Radical Generosity event celebrates Women & Philanthropy

Vicki Saunders
Vicki Saunders, founder of SheEO, was the keynote speaker at the first Women & Philanthropy symposium.

As CSU President Tony Frank addressed the gathering in the ballroom at the Lory Student Center during the first Women & Philanthropy symposium, he couldn’t help but reflect on his own path through life.

“I look around this room and back across the trail of my life, and I see so much that has been given to me and so much that has been changed within me by women I met along the way,” he said as he kicked off the gathering of more than 200 women and men. “As I stand here in my 10th year as president, I can’t help but wonder about the change that all of you will lead in this university over the next decade through your philanthropy. Where will you direct, nudge or shove CSU? My prediction is that whatever direction that change takes, it will be spectacular.”

Kim Tobin
Kim Tobin, vice president for university advancement, speaks at the launch of Women and Philanthropy.

Radical Generosity

The symposium, titled Radical Generosity, included a panel discussion, a message from Kim Tobin, CSU’s vice president for university advancement, remarks by prominent CSU supporter Paula Edwards, inspiration from New Belgium Brewing’s Kim Jordan, and a keynote by Vicki Saunders, who founded SheEO to raise funds to support hundreds of women-led companies throughout the world.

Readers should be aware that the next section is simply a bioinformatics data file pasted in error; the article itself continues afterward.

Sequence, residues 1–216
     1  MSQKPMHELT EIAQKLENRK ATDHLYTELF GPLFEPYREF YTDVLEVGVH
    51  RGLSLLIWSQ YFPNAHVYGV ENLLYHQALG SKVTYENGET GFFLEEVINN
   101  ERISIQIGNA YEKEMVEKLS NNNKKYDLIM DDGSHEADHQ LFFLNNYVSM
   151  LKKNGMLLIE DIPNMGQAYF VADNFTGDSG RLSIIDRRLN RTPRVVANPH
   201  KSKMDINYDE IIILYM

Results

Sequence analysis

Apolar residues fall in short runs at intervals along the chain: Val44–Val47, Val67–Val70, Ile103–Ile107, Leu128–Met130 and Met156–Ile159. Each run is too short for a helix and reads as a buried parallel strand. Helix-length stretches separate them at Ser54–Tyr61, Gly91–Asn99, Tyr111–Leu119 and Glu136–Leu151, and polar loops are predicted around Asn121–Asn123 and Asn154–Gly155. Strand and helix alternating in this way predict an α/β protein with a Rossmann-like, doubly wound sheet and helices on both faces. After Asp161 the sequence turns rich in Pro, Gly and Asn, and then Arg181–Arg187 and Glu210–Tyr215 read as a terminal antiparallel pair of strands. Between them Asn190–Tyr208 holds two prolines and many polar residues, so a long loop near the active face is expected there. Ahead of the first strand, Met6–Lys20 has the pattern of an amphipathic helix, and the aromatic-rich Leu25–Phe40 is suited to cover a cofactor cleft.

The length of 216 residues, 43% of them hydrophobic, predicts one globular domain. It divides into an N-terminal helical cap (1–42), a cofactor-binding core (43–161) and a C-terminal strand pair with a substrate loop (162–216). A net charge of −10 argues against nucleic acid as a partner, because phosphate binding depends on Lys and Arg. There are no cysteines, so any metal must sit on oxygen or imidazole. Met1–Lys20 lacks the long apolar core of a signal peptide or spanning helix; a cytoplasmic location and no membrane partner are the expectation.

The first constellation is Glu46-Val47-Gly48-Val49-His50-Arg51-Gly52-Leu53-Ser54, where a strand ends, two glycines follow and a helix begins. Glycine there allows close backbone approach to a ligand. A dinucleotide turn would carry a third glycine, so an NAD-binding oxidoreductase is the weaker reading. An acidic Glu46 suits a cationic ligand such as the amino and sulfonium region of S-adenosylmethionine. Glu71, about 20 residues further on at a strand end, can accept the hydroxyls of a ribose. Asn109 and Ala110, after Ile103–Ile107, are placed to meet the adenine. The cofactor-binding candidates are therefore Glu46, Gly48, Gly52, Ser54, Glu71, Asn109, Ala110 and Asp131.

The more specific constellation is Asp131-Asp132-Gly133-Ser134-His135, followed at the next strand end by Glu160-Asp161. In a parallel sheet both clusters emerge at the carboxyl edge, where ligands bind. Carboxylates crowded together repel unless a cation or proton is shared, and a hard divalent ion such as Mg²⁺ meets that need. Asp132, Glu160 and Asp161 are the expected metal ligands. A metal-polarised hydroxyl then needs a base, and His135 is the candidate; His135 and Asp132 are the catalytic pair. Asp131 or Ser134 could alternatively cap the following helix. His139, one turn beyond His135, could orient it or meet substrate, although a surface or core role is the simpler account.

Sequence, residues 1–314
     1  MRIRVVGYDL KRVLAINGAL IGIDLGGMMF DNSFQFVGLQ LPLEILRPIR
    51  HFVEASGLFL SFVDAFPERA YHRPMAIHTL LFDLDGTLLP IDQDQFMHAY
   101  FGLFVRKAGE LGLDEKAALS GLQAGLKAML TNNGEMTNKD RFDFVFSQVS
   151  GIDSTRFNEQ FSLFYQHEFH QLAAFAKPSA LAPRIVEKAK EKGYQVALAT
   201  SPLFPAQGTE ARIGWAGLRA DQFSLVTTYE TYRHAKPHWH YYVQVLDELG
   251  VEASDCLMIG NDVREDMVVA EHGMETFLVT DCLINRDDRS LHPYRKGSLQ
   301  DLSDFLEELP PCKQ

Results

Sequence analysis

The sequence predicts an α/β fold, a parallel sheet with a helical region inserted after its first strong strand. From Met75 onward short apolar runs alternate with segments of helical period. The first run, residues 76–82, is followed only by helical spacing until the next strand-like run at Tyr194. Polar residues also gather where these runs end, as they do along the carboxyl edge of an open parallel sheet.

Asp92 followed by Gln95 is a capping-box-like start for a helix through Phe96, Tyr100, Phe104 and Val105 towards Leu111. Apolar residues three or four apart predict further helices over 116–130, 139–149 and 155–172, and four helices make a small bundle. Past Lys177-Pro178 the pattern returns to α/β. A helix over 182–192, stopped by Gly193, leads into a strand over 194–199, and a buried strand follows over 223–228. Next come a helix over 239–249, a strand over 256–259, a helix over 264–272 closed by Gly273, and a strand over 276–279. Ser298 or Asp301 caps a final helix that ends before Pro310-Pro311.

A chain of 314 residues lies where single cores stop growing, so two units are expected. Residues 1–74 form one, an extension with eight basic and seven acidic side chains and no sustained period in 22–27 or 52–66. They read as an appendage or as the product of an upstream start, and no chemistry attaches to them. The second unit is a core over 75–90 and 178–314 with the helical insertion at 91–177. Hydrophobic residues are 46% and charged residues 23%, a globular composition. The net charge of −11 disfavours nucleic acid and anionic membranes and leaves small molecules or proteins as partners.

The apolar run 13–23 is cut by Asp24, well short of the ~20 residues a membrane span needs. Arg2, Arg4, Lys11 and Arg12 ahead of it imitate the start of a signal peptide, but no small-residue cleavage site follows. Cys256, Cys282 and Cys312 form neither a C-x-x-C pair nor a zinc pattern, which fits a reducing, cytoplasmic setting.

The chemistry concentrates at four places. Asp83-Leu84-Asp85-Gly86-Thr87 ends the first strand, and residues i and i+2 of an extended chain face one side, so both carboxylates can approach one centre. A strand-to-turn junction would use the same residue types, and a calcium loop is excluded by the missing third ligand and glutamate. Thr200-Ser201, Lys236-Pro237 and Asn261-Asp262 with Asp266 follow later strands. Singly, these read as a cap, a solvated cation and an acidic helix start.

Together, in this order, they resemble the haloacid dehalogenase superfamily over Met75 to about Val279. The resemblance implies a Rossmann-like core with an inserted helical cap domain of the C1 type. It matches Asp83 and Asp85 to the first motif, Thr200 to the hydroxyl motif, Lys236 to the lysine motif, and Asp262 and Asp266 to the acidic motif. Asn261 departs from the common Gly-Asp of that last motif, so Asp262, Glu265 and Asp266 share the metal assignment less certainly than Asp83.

Women & Philanthropy was created as part of the Women’s Initiative, Frank’s charge to make CSU the best possible place for women to work, learn and thrive.

“Women continue to have a growing influence in philanthropic and financial decisions in our world and they make a remarkable impact at CSU,” Tobin said. “We were joined by over 200 women that represent every college and unit on our campus. Collectively these women have given $66 million, which has impacted CSU greatly. These women are passionate about CSU and the areas that they support, they are some of our greatest partners and advocates as we work to make CSU simply the best place to work and learn for women.”

CSU alumna Bai featured

Alumna Zubaida Bai, who created a company called ayzh, which has sold more than 300,000 clean birth kits in developing countries, was among the panelists. Bai’s company recently was awarded a $100,000 loan by SheEO.

“Zubaida Bai is a tremendous example of the radical generosity we experience at CSU,” Tobin said. “Zubaida was able to attend CSU because of scholarships from radically generous people in our community, and she is continuing this cycle of generosity through her work designing and delivering birth kits to underserved women.”

Attendees were encouraged to celebrate their individual and collective impact and support a CSU program or initiative they are passionate about.